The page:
Thursday, June 13, 2013

OURstory: Charity Adams Earley (1918-2002)

The folks at the National Center for Women in Information Technology (NCWIT) recently issued a provocative slideshow called 'The Facts'. It talks about the challenges faced by women in the IT industry.

If it is tough for women in 2013 ... how much tougher must it have been for a Black woman back in the 1940s?

That is the thought that came to me as I saw the honors given to Charity Adams Earley in the America I AM exhibit at the Cincinnati Museum Center back in 2010.

It turns out that Earley held a degree in math and physics while attending Wilberforce University and the Ohio State University. She taught and attended graduate school before joining the Army. She did not let racism hinder her superior work. In fact, our BDPA Dayton chapter often celebrates their annual banquet at the auditorium in Sinclair Community College named after her.

At a time when a segregated military provided few opportunities for Blacks, Charity Adams was one of only two to hold a wartime rank in the WACs as high as major. A subsequent promotion made her a lieutenant colonel briefly before she left military service in 1946.

The Army first permitted Black members of the WACs to serve overseas in the winter of 1945, when it created the 6888th Central Postal Directory Battalion, an all-Black unit, and assigned some 850 African American women to it. The unit, based in Birmingham, England, and later in Rouen, France, and Paris, routed mail to millions of members of the armed forces in Europe.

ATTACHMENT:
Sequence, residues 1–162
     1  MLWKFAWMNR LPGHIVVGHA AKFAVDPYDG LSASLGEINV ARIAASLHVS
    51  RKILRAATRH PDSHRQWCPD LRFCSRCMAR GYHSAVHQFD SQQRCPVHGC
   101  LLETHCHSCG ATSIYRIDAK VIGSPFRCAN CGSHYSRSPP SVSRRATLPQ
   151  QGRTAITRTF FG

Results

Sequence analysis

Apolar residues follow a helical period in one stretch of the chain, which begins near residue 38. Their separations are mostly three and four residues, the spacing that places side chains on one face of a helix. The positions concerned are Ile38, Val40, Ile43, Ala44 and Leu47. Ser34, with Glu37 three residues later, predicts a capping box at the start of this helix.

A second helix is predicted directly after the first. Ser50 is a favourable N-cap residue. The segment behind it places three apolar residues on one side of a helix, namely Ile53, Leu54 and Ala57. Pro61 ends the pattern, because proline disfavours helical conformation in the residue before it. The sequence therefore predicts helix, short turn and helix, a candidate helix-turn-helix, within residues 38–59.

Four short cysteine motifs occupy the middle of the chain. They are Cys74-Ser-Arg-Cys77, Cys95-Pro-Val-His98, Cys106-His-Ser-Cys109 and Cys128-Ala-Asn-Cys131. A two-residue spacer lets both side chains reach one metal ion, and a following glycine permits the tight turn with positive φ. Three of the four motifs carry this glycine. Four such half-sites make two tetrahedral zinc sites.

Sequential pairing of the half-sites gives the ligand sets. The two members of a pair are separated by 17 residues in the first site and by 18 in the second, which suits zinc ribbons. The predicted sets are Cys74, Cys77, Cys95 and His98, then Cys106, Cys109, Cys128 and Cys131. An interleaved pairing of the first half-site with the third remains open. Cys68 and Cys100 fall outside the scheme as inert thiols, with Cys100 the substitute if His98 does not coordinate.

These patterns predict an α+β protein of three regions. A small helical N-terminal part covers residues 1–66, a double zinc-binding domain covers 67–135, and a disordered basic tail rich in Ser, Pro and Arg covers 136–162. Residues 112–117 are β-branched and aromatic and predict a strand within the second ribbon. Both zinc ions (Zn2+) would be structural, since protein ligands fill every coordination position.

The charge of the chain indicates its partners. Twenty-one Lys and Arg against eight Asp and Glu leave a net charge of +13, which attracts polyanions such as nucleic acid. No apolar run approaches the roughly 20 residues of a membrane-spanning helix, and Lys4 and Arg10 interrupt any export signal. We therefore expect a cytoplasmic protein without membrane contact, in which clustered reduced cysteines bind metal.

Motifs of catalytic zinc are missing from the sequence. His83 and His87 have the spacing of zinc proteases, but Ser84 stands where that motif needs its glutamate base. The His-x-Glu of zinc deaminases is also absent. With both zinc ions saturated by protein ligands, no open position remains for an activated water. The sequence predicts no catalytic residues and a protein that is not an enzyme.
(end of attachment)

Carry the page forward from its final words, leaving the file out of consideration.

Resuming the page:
The assignment of Major Adams as the battalion commander seemed a natural choice. Having grown up in Columbia, S.C. -- her father a minister in the A.M.E. Church, her mother a teacher -- she joined the WACs in 1942. She was among 39 Black women in the corps's first training class, at Fort Des Moines, Iowa, and became one of its first Black officers. She then held administrative and command positions at Fort Des Moines for two and a half years.

The members of the 6888th postal unit were the first Black women many Britons in Birmingham had ever seen, and they shattered stereotypes.
"These WACs are very different from the colored women portrayed on the films, where they are usually either domestics or the outspoken old-retainer type or sloe-eyed sirens given to gaudiness of costume and eccentricity in dress," The Birmingham Sunday Mercury said. "The WACs have dignity and proper reserve."
After her military service, she received a master's degree in vocational psychology from Ohio State, then became a dean at Tennessee A&I College and Georgia State College. The Smithsonian Institution has included her in its listing of the historically most important Black women.

In 1996, Mrs. Earley was honored at the Smithsonian's National Postal Museum for her wartime service. Before leaving Dayton for the ceremony in Washington, she said: "When I talk to students, they say, 'How did it feel to know you were making history?' But you don't know you're making history when it's happening. I just wanted to do my job."

We need to know OURstory for inspiration and direction. I hope that this blog post has been an eye-opener for you ... and for our daughters!

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